Leading Jewish educator: ‘It’s dangerous to wear a kippah in certain parts of the UK’

Rabbi David Meyer said ‘Jew’ and ‘genocide’ were shouted at him in the streets


Rabbi David Meyer has said that it is "dangerous" to walk around wearing a kippah in certain areas (Photo: Twitter/X)

One of British Jewry’s leading educationists has spoken out about the antisemitic abuse he has experienced post-October 7 and said it was “dangerous” to walk in certain areas wearing a kippah.

Rabbi David Meyer, the chief executive of the Jewish schools’ network PaJeS, told Israeli news website Ynet: “I think there isn't a single Jew here who hasn't wondered if we're witnessing the end of the Jewish community in England.”

Rabbi Meyer was recently honoured by being chosen to be one of the diaspora representatives to take part in the torchlighting ceremony in Jerusalem to mark Israel’s Independence Day.

He told the news platform that while travelling on the train a few days after the Hamas attack on Israel, people had approached him, “saying what happened was wrong and that they stood with us.

“Now, in the city centre, it's almost impossible to walk around [looking] visibly Jewish without someone shouting at me. It has happened several times.”

Shouts of “’Jew’” and “’genocide’ had been directed at him, he said. “All sorts of things… I don't listen, I don't care. But it's clear that it's happening. We've reached a point where I think it's dangerous to walk around with a kippah or a Star of David in certain places.”

He said there were “no issues” in the Jewish area of London where he lived. “But when I travelled to Manchester, I wore a hat that covered my kippah. In central London, I do wear a kippah, but it feels uncomfortable,” he said.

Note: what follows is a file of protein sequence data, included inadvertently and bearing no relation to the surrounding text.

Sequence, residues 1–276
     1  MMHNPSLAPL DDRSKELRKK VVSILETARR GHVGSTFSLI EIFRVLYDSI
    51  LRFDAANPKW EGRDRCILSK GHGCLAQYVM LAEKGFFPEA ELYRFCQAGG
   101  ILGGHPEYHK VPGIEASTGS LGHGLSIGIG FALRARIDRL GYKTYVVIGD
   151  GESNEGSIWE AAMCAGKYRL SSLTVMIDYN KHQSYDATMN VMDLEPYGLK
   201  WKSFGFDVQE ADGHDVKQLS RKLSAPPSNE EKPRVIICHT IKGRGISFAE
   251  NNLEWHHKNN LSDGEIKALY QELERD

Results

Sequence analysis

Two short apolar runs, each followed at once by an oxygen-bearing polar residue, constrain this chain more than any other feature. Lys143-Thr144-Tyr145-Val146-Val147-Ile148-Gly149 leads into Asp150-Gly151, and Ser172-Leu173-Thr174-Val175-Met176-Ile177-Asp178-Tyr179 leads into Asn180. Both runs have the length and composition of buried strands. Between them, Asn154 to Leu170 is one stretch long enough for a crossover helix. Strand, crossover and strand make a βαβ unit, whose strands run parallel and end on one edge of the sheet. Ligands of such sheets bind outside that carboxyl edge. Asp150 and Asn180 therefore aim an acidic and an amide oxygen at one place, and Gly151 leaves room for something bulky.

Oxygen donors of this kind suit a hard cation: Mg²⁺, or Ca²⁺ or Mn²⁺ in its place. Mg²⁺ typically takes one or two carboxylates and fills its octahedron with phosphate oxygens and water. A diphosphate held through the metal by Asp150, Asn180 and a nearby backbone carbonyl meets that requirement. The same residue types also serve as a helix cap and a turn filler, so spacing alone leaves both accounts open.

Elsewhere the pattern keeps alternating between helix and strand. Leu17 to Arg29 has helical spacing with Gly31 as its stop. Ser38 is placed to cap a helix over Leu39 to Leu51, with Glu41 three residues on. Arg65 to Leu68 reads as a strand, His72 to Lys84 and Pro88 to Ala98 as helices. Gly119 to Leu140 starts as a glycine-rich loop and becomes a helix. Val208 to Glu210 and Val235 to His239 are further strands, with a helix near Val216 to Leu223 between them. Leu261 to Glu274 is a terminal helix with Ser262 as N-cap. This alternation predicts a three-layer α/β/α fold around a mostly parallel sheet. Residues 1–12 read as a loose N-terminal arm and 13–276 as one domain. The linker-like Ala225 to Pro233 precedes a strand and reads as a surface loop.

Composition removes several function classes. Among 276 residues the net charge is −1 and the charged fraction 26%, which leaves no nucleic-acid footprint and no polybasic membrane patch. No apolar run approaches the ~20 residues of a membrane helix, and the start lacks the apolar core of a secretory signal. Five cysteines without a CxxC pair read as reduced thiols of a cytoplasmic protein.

While the events of October 7 had brought some Jews closer to their faith, others didn’t want to associate themselves because of the antisemitism, he said.

England had changed “completely” since October 7. “My parents came from India to England in the 1950s. We felt like part of the English community. I could be Jewish, religious, Zionist – and also part of English society.

“Now, it feels different. There are ignorant people shouting every week, from October until now.”

Not even Brexit had prompted such protests as events in Gaza, he said.

He noted that both Prime Minister Rishi Sunak and Opposition leader Sir Keir Starmer had been very supportive of the Jewish community and felt “most people in England don't agree with the protesters”.

But he added: “The problem is the silence. People aren't speaking up and saying it's wrong.”

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